This translation of The Buddha's words is a must for any student of Buddhism.
I have been reading several translations of the Dhammapada recently and came across this one and found it offers some things that the others do not.
Since the original written form of the Dhammapada is in Pali, others have needed to take the time to translate it for us in the West. As in any translation, there are many words that offer multiple meanings. One person may interpret `dhukka' as `suffering', another may choose `stress', and yet another may decide `unsatisfactoriness'. As you can see, each can then be interpreted in our mind as one thing or another. By having several translations available I have been able to derive a deeper understanding.
To begin with, the size makes this translation ideal for carrying in a shirt pocket or for having on hand in the car for a little Dhamma between red lights. Another feature I enjoy is this translation is from a monk. The editor is a layperson however, after her edits she spoke with the monk and explained why she made certain changes, (to make specific words more accessible to us in the West) and he agreed with the new updates. The monastic community obviously spends more time than most laypersons studying the Pali Canon so their translations, I have found, tend to be quite meaningful. Overall, the translations offered here are meaningful and poetic.
Drawbacks? The introduction is a little shorter than other offerings and there are only a limited amount of notes. There is an interesting background to how the Dhammapada fits within the Pali Canon and the use of notes is helpful in understanding certain meanings, etc. Since the size would have been affected I'm sure this may have been one of the reasons they were not included. Again, by reading several translations you will be rewarded.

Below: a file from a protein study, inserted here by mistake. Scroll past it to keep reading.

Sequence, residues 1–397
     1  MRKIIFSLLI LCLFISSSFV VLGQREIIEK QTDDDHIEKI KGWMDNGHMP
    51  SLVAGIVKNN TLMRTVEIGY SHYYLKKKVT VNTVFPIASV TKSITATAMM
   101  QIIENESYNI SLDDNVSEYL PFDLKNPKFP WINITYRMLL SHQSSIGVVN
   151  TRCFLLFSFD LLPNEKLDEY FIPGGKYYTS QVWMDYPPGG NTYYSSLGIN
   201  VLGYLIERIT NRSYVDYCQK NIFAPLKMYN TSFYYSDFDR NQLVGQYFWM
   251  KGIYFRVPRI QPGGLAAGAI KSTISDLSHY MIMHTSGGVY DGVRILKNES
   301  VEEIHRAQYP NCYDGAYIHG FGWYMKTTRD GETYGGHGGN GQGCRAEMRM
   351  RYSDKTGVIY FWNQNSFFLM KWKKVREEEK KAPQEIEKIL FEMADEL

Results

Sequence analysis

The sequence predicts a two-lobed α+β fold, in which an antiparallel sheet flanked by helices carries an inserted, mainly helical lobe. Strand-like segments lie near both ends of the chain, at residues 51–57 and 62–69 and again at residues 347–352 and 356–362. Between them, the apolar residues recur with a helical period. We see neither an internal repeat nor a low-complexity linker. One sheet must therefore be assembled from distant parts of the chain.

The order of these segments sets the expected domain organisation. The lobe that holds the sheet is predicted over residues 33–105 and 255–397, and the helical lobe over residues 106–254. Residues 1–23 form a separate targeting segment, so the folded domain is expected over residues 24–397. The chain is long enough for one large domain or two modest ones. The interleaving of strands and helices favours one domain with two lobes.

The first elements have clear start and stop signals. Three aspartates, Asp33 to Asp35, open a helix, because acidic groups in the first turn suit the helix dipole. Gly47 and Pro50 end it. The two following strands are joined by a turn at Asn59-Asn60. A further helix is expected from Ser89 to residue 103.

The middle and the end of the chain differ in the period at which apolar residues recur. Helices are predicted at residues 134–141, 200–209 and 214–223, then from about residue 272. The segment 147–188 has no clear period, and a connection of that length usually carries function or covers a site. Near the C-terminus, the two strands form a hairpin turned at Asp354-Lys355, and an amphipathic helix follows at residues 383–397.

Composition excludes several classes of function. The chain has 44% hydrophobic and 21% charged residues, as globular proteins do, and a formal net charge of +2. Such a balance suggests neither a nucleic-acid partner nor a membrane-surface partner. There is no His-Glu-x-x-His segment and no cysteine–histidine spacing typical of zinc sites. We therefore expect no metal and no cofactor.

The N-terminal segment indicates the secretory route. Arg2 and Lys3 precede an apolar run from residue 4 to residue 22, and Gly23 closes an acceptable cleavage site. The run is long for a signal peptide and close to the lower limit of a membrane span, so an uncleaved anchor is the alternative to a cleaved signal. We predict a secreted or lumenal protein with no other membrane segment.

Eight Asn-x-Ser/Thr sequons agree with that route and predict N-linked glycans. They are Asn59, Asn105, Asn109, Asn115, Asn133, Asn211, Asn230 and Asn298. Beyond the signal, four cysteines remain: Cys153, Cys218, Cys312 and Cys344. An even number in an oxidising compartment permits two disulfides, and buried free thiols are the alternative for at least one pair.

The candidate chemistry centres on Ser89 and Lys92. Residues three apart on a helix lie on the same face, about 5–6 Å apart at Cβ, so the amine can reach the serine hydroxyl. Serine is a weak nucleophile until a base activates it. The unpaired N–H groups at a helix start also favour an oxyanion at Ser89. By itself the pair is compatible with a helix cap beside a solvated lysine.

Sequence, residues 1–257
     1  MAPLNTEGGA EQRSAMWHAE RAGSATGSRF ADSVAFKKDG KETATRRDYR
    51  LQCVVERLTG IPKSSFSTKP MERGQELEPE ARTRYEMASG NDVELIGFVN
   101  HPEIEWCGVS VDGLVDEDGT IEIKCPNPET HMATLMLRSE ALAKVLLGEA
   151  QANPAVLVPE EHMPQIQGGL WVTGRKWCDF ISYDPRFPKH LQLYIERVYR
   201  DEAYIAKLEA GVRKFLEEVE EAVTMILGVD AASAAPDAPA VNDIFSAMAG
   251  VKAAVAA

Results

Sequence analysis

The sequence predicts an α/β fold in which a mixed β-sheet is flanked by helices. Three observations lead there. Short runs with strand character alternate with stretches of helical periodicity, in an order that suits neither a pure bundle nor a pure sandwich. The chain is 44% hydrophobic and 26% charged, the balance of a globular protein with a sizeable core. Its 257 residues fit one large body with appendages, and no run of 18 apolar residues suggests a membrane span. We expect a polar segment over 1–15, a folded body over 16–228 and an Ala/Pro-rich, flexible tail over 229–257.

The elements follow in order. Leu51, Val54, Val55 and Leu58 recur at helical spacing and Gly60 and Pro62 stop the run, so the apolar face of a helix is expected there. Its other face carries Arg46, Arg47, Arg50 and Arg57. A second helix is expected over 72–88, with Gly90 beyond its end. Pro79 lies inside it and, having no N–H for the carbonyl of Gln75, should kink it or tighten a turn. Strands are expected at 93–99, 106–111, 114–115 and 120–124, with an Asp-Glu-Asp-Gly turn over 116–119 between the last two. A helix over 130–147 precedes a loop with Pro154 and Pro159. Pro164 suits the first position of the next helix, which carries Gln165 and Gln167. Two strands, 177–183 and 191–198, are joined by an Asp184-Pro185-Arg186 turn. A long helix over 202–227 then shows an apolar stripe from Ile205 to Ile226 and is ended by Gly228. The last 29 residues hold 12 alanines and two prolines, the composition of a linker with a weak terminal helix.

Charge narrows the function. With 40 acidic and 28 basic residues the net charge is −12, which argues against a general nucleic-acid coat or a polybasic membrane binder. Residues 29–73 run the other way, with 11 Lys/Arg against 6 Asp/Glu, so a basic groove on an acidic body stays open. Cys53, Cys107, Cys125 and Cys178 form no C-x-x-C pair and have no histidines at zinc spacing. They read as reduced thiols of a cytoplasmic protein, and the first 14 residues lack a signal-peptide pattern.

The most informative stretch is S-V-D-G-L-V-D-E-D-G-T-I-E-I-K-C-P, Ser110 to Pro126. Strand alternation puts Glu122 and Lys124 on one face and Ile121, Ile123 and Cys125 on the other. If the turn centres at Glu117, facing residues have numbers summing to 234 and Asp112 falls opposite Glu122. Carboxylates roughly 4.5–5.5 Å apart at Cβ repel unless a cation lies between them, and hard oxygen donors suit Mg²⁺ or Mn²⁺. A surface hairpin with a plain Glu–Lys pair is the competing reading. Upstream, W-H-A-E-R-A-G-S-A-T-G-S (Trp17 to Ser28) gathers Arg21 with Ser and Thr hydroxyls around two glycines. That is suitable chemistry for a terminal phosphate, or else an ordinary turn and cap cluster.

In addition to this translation I have found Cleary's translation helpful, however the notes and his comments were not. (see my review of his translation) I have also found Thanissaro Bhikkhu's translation very helpful, although it is offered as dana and as such is not available for sale. Recently I obtained S. Radhakrishnan's translation, which offers the original Pali text along with his translation, but I have not yet been able to thoroughly read through it to offer any meaningful review.
Whether you have read other versions, or if this is your very first exposure to the Dhammapada, I think you will be pleased with this translation.